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If you like Timothy Berners-Lee's story, you might also like:
Jeff Bezos,
Sergey Brin,
Stephen Case,
Michael Dell,
Lawrence Ellison,
Bill Gates,
John Hennessy,
Ray Kurzweil,
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and Larry Page

Related Links:
Timothy Berners-Lee
World Wide Web Consortium
The Data Web
The Semantic Web: An Overview
CERN
info.cern.ch

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Sir Timothy Berners-Lee
 
Sir Timothy Berners-Lee
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Sir Timothy Berners-Lee Interview (page: 5 / 8)

Father of the World Wide Web

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  Sir Timothy Berners-Lee

All these other questions aside, what motivates you?

Timothy Berners-Lee: What motivates a human being? I think the excitement of solving problems motivates me. Working with other people, the excitement of doing things together, it's a fairly visceral sort of thing. I enjoy working with students who have got lots of fresh ideas. I enjoy working with people who have been in the business for ages and who have got lots of new wisdom about it all. There are other things -- like flying all over the world persuading people that something is going to be a good idea -- which I find that I am not so good at. I'm not a natural fund-raiser. I'm not a natural for explaining to somebody why they need to use this technology, which is what we have to do now with the Semantic Web. I'm back in the same place as I was with the web in 1991. So...


In 1991, '92, every day I'd have to decide whether to write some code, or go and persuade somebody else to write some code, or write some documentation, or persuade somebody else to write some documentation, or go and give a motivating talk somewhere explaining what the whole thing is supposed to be about, or try to argue with administration for funds or resources or whatever it takes. Today, everything -- the same sort of choices exist all the time, and I have to balance my time and find more things. Some things are more motivating than others, but I find to stay sane I have to keep working with other people, and I have to keep programming. I have to keep involved with the actual design.

[ Key to Success ] Perseverance


Other people might have seen this work as a way to become very rich, but you chose to make the web free and available to everybody. Did you ever consider turning it into a commercial enterprise?

Timothy Berners-Lee: Well, let's get this little myth out of the way. No, I couldn't have been rich. I'm not a very good entrepreneur, for one thing. Secondly, the whole ethos of the people who designed the Internet, the Internet Engineering Task Force, was a sharing of new ideas, bootstrapping, making systems which would allow us to communicate in such a way that we can then design systems even better. So now we have e-mail, or now we have net news, or now we have the HTTP. The whole ethos was of sharing. The idea of patenting it and trying to run off with the keys to the cars was not part of the world in which I lived. And also, had I done it, I knew very clearly that everybody would have dropped it like a hot potato.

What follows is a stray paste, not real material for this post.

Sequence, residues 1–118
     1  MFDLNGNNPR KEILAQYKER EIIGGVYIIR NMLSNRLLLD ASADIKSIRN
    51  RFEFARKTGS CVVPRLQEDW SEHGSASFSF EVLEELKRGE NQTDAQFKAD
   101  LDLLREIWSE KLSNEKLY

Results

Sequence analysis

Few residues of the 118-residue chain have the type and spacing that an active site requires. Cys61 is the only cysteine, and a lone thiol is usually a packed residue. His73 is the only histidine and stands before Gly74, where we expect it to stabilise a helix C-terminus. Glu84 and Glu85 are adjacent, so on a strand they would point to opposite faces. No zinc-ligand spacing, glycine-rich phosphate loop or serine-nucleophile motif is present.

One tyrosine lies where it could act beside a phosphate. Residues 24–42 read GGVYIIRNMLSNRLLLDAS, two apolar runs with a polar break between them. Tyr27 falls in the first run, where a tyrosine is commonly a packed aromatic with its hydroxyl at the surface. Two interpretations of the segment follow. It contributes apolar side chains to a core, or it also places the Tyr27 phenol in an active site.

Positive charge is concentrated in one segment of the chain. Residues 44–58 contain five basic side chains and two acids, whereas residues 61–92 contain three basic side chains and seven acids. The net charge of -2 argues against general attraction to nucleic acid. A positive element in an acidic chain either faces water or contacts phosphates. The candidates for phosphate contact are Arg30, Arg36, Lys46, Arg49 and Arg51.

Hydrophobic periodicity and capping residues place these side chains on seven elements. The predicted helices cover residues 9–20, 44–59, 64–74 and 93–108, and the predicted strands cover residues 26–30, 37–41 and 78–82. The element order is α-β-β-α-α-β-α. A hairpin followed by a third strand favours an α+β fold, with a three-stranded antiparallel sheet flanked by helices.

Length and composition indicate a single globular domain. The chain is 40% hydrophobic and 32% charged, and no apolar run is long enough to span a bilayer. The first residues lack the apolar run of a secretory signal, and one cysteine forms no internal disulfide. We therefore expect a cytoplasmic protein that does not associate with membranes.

The people who were crucial to the pickup of the web were, for example, people in companies who probably had day jobs, but were doing this out of interest, engineers who were picking it up. If there had been patents around it, their lawyers would have told them not to even read the code, not to download it, not to install it, not to read anything about it, in case they were tainted by something which would allow the company later to be sued. So similarly, somebody else in their garage or their basement, just doing it for fun, they're doing it because they think it would be really exciting. Because they share the twinkle in their eye, they understand what it would be like if everybody had a web server, or if everybody had a web page and everybody had a web browser. So they're some of the people who do it because it would be cool if everybody did it. Right?

[ Key to Success ] Integrity


People who are doing that are not going to do it if the work will actually be intellectual property belonging to this or that company. The web relied, and still relies, on people contributing because they know it's an open, common system. They know this is the commons. This is our common grazing ground. It's our common thoroughfare. It's a space that we're using together. They are only contributing because of that. When we make new developments like the data protocols, the Data Web, Semantic Web, same thing again. Everybody is excited about the new things which can happen when everything you can do on a computer, you can now do on a phone, as we move towards the mobile web. Whole new markets open up.


Everybody realized that these new markets, these new spaces, these new ideas -- there will be new spaces of things in which other things will be built -- but they will depend on the basic web infrastructure being royalty-free. It's always been like that. Every now and again, we've had a hiccup when somebody didn't understand it, when somebody thought that maybe they'd try to make a quick killing by somehow getting a stranglehold on it, somehow finding a way to be able to limit your access -- everybody's access -- to the web, and then they would be able to charge for it. Yeah. You can see they had a different gleam in their eyes. But rapidly, they found that really people treated them with the utmost contempt and programmed around them, went around them, and left them, having learned a lesson, and generally picking up the pieces and moving on and joining this world of openness, of open standards, of royalty-free standards.

[ Key to Success ] Integrity


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This page last revised on Sep 22, 2010 14:54 EST
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